There is a dearth of critique in the Bay Area, and what critical dialogue makes it to print (digitally or otherwise) is primarily positive, with negative or neutral opinions expressed in private or via not covering/not reviewing shows. I hear this complaint often, and considered several ideas to somewhat address this – making a magazine, starting a blog or website, etc. This coincided with noticing that Facebook is underutilized for art projects beyond show announcements and networking. On a particularly fruitful day of viewing shows in the city, I found a cafe and started the Curiously Direct Facebook page. The goal is to review every show I attend, to try to say something concrete about why I feel this or that way about a show, and to fit that into the 420 character limit of a Facebook wall post. When I go to shows, I take small notes, then the next chance I get I open any info I can find about a given show (for accuracy, though I miss things that users are quick to point out thankfully) and write my review. The format allows for immediacy, and the potential for dialogue and difference of opinion.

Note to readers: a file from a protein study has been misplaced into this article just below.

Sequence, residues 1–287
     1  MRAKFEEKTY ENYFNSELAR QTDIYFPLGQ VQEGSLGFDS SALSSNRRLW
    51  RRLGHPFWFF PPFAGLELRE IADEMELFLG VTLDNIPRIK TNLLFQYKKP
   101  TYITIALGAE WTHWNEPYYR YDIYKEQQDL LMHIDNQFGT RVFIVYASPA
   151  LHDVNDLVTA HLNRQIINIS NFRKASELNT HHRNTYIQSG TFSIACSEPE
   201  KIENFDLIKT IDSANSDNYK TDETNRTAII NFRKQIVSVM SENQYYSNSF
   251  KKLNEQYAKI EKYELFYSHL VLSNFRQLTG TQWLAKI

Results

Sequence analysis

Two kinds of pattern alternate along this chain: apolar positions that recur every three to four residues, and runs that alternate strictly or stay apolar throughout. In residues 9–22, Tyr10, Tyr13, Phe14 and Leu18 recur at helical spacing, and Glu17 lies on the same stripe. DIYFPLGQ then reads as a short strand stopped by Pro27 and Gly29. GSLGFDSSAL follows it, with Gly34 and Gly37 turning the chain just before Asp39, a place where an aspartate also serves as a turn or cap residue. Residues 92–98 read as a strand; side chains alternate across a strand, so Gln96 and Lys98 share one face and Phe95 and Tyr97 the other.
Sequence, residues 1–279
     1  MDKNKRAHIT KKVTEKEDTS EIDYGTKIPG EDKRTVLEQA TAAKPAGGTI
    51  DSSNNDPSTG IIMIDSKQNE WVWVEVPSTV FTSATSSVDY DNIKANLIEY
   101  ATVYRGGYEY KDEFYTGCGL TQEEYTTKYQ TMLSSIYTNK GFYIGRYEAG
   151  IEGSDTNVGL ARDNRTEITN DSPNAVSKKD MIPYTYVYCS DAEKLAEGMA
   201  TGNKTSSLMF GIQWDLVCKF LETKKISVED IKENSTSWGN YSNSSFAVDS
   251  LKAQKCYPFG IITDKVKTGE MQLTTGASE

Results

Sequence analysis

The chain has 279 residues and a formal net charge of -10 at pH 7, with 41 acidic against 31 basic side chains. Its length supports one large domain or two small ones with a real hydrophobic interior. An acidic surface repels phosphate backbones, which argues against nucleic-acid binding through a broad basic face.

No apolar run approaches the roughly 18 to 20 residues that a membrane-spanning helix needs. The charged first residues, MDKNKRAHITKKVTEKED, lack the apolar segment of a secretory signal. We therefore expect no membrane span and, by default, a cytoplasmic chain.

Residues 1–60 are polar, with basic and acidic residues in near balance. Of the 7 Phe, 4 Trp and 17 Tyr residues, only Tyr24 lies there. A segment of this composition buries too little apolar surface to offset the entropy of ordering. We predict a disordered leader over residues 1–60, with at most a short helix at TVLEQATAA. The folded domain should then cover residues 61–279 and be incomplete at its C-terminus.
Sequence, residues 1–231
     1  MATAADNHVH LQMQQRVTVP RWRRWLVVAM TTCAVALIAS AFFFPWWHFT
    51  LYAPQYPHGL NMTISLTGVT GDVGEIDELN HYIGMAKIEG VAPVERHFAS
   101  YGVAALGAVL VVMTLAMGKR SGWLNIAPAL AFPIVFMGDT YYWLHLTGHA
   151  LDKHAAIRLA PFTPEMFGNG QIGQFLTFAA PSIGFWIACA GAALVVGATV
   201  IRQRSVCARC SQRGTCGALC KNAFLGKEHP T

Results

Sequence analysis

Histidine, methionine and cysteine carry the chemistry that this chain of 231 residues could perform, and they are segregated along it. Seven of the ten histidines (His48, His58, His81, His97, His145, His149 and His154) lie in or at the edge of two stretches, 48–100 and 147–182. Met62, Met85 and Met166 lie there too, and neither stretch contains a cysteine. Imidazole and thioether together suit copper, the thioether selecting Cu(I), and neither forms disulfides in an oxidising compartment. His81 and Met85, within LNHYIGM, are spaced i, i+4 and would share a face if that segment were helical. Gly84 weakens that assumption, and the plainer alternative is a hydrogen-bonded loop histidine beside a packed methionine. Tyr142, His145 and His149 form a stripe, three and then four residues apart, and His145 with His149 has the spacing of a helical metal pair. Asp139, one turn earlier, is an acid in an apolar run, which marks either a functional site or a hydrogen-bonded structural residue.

The following excerpt was taken from Curiously Direct’s Facebook page on Tuesday, August 23rd, 2011.
Between the election and the inauguration in the United States is a period known unpoetically as the “transition.” Our own transition feels like a categorical shift, a break in the paradigm. It is closer to Gramsci’s interregnum - “the crisis...that the old is dying and the new cannot be born.” The synonyms here don’t fit: progression, shift, evolution. Antonyms feel more like the truth: decline, cease, or decrease.
This interregnum in the nation-state is transempirical: beyond experiential knowledge. The beyond, also, of empire. We go across, through; we change thoroughly. We transition.
Up to code but caught on the fringe: holding alternative space in emerging cultural economies by George Scheer https://t.co/IJP8N9IXzw